Jan 26, 2017

Barbara Kay: U of T's 'antipsychiatry' scholarship - and not believing in mental illness - is an attack on science

National Post
Barbara Kay
January 10, 2017

In November, the Ontario Institute for Studies in Education (OISE), an all-graduate school at the University of Toronto, announced it had established a world first, a scholarship in the “field” of antipsychiatry, to be named after its primary instructor, Bonnie Burstow, an associate professor in OISE’s Adult Education and Community Development department.

Burstow believes there is no proven biological basis for mental illness. She believes that psychiatric treatment — including drugs — is inherently oppressive and a violation of human rights.

If the image of Tom Cruise springs to mind at this revelation, you’re not alone. Burstow’s beliefs fall right into line with the Scientology “religion,” for which Cruise is a much-beloved and valuable poster boy. In fact, its Canadian chapter of the Citizens Commission of Human Rights, established in 1969 by the Church of Scientology to promote its antipsychiatry agenda, stated on its Facebook page that Burstow’s appointment was “very, very good news,” describing Burstow as “a rock star.”

Burstow is clearly a social justice warrior first and a scholar second. She says, “The long history of psychiatry is the long history of pathologizing women … It is also an institution that pathologizes Blacks, lesbians and gays. This intersectionality analysis is readily available through an antipsychiatry lens.”

To be fair to Barstow, her distrust of psychiatry is not unfounded. For decades, psychoanalysis — often confused with psychiatry, but not a scientific discipline or necessarily premised on a prior medical degree — was wrongly regarded with near-religious awe as a panacea to humanity’s ills. Many analysts did no harm, but others exploited their prestige to promote bizarre theories and, eventually, make psychoanalysis a sidebar in the treatment of mental illness.

Psychiatry, which does require a medical degree, is another story. It has been a work in progress. It is true that psychiatrists gave their imprimatur to homosexuality as a disorder. It is true that schizophrenia and depression were once treated in ways we now regard as unethical. It is true that Freudians infantilized women. But Ken Kesey’s 1962 novel, One Flew Over the Cuckoo’s Nest, portrayed the damaging effect of Freudian thinking in the metaphorical castration of men. That’s to say, psychiatry did not single out women or minorities for special intimidation. Psychiatry’s growing pains affected everyone.

But that was then. As in all medical disciplines, mistakes beget progress. Through scientific and pharmacological advances, psychiatry is a much changed discipline today. For Burstow to claim there is “no proven biological basis for mental illness” is demonstrably untrue. Countless studies have proved beyond any doubt that there is a genetic basis for all major psychiatric disorders, such as bipolar disorder and depression. One might just as well deny a genetic-biological basis for diabetes (which I believe Burstow’s Scientology fan club does).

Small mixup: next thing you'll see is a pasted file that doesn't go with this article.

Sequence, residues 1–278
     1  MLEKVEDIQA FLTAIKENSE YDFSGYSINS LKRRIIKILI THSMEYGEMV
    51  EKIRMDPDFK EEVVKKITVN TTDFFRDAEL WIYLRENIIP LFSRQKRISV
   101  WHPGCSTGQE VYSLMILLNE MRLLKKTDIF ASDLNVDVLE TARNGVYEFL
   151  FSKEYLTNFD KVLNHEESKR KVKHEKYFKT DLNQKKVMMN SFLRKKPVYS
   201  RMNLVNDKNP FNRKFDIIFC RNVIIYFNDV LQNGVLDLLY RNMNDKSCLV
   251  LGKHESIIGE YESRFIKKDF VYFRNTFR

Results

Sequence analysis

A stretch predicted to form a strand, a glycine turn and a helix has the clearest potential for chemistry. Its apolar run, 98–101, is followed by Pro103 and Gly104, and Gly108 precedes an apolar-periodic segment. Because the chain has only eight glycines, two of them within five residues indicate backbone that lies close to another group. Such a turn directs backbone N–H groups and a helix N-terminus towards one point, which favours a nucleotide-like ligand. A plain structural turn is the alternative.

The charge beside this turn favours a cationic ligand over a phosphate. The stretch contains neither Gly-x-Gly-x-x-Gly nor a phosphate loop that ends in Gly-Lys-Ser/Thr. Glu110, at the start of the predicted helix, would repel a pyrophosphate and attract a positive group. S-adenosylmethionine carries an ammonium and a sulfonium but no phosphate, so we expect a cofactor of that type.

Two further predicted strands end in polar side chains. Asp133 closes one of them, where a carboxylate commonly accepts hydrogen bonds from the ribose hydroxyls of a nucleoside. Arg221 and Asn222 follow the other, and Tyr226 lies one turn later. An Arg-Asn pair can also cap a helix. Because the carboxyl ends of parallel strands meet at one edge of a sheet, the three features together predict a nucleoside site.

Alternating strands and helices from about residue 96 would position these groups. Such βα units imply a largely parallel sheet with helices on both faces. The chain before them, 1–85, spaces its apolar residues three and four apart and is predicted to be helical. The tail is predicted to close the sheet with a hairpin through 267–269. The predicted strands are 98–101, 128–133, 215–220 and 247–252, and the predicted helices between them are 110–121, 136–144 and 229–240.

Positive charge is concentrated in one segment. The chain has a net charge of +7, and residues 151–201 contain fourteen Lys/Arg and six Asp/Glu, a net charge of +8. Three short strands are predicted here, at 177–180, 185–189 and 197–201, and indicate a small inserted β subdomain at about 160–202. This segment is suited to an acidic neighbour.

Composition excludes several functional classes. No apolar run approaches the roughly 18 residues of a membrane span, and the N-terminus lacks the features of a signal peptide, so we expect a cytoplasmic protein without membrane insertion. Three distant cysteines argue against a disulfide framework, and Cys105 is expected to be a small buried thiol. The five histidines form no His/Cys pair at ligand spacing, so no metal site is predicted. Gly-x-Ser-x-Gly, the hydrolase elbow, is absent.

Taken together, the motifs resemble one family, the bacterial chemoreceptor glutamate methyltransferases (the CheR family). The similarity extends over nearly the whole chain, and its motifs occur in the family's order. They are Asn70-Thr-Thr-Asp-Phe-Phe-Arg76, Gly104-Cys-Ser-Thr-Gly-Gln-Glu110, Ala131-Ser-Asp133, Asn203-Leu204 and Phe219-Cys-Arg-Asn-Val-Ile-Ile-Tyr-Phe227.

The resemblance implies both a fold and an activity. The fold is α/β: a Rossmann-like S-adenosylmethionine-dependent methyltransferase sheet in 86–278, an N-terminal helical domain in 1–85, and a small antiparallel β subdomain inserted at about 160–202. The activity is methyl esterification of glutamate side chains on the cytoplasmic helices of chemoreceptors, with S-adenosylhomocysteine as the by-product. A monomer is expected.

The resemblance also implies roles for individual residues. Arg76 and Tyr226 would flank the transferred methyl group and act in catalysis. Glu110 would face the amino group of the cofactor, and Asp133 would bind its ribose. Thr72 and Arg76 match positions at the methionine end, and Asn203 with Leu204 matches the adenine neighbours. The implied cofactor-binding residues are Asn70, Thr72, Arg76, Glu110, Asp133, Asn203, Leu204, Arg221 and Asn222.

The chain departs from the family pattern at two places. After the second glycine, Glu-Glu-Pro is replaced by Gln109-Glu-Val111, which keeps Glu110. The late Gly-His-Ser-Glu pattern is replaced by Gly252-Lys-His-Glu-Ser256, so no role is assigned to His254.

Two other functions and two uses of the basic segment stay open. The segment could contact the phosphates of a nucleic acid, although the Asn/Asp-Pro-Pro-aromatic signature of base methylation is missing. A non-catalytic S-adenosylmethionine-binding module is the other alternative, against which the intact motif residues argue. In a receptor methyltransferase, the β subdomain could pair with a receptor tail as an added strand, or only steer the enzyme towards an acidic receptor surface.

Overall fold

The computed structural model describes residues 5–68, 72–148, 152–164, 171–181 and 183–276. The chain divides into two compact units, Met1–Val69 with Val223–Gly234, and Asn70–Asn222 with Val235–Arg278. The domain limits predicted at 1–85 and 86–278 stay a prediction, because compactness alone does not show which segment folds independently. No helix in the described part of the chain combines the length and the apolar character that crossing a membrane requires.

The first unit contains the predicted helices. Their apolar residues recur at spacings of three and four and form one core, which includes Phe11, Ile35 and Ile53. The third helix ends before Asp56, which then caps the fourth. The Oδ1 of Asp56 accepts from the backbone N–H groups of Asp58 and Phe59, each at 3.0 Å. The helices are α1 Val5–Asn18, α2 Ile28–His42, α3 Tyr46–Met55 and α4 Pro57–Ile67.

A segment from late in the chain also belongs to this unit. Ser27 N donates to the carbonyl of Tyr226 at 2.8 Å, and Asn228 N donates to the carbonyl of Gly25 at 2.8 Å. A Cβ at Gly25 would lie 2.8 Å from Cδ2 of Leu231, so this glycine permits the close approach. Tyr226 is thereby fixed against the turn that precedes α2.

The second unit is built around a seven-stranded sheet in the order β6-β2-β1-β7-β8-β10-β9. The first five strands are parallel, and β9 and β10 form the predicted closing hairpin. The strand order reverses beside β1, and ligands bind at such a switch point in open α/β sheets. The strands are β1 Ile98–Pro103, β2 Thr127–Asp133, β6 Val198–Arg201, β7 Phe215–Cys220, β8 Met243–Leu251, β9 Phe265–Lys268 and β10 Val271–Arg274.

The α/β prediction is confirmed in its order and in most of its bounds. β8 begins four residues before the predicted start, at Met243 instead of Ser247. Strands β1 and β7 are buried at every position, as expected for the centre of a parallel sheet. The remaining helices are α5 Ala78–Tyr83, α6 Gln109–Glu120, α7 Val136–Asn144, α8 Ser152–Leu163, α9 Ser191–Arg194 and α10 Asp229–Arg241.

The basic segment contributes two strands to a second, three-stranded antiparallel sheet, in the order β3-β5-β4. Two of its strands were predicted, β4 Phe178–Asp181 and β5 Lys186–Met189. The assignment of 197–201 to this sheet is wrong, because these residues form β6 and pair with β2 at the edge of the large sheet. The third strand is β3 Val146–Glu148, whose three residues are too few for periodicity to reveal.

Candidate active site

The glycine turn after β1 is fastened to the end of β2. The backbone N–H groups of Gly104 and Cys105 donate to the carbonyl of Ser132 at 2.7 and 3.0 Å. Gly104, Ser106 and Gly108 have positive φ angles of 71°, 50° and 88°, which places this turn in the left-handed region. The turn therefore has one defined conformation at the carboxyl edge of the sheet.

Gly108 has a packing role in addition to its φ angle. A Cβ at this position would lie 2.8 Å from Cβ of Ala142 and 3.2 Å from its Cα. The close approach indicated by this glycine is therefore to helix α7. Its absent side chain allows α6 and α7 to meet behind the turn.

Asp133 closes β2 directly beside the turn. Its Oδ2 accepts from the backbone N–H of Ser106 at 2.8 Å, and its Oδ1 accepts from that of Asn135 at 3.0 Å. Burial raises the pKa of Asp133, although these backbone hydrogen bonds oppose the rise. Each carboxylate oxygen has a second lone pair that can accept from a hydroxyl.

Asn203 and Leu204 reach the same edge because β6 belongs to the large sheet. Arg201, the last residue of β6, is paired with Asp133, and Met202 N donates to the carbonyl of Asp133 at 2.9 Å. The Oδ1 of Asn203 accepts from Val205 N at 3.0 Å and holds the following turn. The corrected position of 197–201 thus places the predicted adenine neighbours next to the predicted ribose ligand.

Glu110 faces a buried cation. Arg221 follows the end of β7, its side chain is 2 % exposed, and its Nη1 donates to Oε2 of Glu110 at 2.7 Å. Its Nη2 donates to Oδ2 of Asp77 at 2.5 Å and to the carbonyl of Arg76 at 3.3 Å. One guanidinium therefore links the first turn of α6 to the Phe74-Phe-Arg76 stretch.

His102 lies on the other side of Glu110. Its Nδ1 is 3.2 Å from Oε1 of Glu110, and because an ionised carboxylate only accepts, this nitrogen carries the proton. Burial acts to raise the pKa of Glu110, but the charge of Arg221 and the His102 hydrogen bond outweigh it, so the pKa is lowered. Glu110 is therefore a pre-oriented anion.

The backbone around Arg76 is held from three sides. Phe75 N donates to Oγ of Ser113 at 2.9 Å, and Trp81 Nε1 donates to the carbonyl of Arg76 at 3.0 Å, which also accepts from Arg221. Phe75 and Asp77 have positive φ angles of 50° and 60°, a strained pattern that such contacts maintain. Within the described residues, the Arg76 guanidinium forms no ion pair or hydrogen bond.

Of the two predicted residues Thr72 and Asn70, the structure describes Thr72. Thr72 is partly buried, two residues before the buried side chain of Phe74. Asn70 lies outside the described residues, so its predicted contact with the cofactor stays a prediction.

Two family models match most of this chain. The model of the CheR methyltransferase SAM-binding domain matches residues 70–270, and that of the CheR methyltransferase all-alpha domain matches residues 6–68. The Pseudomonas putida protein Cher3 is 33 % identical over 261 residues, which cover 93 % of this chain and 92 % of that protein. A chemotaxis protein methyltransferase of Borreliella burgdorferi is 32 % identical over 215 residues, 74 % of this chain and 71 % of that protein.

True disciplines spring from pure intellectual curiosity, not the pursuit of social justice. They build on collaboration with similarly engaged scholars. Fact is piled on fact, theories are debated, evidence is adduced, lively debate ensues, and eventually a body of credible knowledge is established. Real scholarship is “for” truth. The whole idea of any scholarly field being called “anti” anything is bizarre, and runs counter to the raison d’être of the university. The prefix “anti” tells us that Burstow’s program is merely organized political activism with OISE’s endorsement and the use of their resources. And her stated goal, to “spur alternate ways of arranging society so that we aren’t inventing diseases,” contains a demonstrable lie in the service of an extreme social-engineering agenda.

It is quite disturbing that at this institute of higher learning, which presided over the discovery of insulin, stem cells, and the antipsychotic Dopamime 2, a dean and his advisers would approve this endowment in perpetuity on the grounds of “academic freedom.” And hypocritical. As we know from too many previous controversial stories, OISE’s concept of academic freedom is a one-way street: political correctness rules, and those that are incorrect find their freedom narrowly constrained.

Even though there isn’t a shred of biological proof to uphold the feminist thesis that men and women are socially constructed for difference, and plenty of biological evidence to show that they are inherently different, for example, we will never see an endowed scholarship in the field of “Anti-Feminism” at OISE. On the other hand, given OISE’s enthusiastic history in promoting anti-Israel activism, a future scholarship in “Anti-Zionism” would not surprise me.

Real academics are distressed by the Burstow scholarship; indeed many are agitated and with reason. Hamilton psychiatrist Dr. David Laing Dawson posed Burstow a question: “Your university has a Faculty of Medicine and a Department of Psychiatry. You are already on salary, I presume. Why don’t you offer to participate in Faculty of Medicine seminars and lectures and workshops to promote your ideas and opinions?”

Why? Because that would be the reasonable — and ethical — thing to do. Shame on OISE for setting this terrible precedent.


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